- Tridimensional Chess (Star Trek). Three-dimensional chess from Star Trek. (7x(), Cells: 64) (Recognized!) Author: Hans L. Bodlaender and Fergus Duniho. Inventor: Andrew Bartmess.The variant of three dimensional chess as it appears in Star Trek may not deserve a recognition for its playability. However, it is probably the most widely known variant three dimensional variant of chess, due to its exposure in several episodes of the popular Star Trek science fiction television series.
- Ultima. Game where each type of piece has a different capturing ability. (8x8, Cells: 64) (Recognized!) Author: Hans L. Bodlaender. Inventor: Robert Abbott.Ultima probably should not be regarded as a variant of chess. Rules are very different from orthodox chess. What ties this game to chess is that it can be played with a normal chess set, as long as it is possible to turn a rook upside down.
While the author himself has stated that the game is flawed, many disagree with him. The game is very popular among players of strategic games (e.g., in NOST), and is covered in several game books.
<b>Recognized Variant of the Month for November 2001.</b>
- Ultima. Game where each type of piece has a different capturing ability. (Recognized!) Author: Fergus Duniho. Inventor: Robert Abbott.
- Wildebeest Chess. Variant on an 10 by 11 board with extra jumping pieces. (11x10, Cells: 110) (Recognized!) Author: Hans L. Bodlaender. Inventor: R. Wayne Schmittberger.Wildebeest Chess is a large chess variant invented by R. Wayne Schmittberger. It is a Recognized Chess Variant. Glenn E. Overby II writes:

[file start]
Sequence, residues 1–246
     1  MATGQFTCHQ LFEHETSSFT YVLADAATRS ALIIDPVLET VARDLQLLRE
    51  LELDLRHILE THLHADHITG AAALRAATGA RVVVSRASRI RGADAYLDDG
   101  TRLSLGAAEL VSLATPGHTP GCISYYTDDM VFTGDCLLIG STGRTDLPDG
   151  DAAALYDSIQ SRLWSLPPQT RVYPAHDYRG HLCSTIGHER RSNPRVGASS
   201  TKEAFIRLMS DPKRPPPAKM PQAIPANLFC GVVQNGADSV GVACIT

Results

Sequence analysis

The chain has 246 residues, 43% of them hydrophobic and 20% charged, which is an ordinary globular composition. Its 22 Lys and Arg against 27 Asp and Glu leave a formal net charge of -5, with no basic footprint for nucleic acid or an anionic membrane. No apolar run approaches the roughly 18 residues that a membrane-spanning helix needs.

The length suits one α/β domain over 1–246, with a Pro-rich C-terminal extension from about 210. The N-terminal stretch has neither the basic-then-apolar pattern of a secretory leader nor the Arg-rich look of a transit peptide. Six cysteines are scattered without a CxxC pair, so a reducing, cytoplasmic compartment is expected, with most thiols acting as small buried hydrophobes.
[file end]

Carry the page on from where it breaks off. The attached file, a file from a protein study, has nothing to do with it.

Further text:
"Wildebeest Chess has an established tradition of play, especially at one time via NOST. It has widespread distribution, courtesy of Schmittberger's book New Rules for Classic Games--which is where I learned it. It is also a finely balanced game, which like so many others takes a specific theme and refines it. In this case, it is the balance between leapers and riders that is worthy of attention. Not only were the number of pieces of each broad type balanced, but play shows that their strengths came out fairly closely as well. Knight and Camel are slightly weaker, but only slightly, than Bishop and Rook. The Wildebeest is markedly superior to a Rook, although not quite the Queen's equal. For those who like playing with Knights, Wildebeest Chess opens up whole new vistas of tactical challenge."
- Xiangqi (象棋): Chinese Chess. Links and rules for Chinese Chess (Xiangqi). (9x10, Cells: 90) (Recognized!) Author: Hans L. Bodlaender and Fergus Duniho.Xiangqi, known by many as Chinese Chess may well be the board game played by the largest number of people. It is very popular in China, and gained a small group of players in other parts of the world.
Also for people in the West, Xiangqi is a nice game to play. It has interesting strategic and tactical possibilities, with some nice pieces to master (especially, the cannon). Original sets can often be purchased in Chinese shops, found almost everywhere in the world. A little practice makes that one can easily identify the pieces. Even when one is not good in this game, it can be a lot of fun to play it.
<b>Recognized Variant of the Month for October 2001.</b>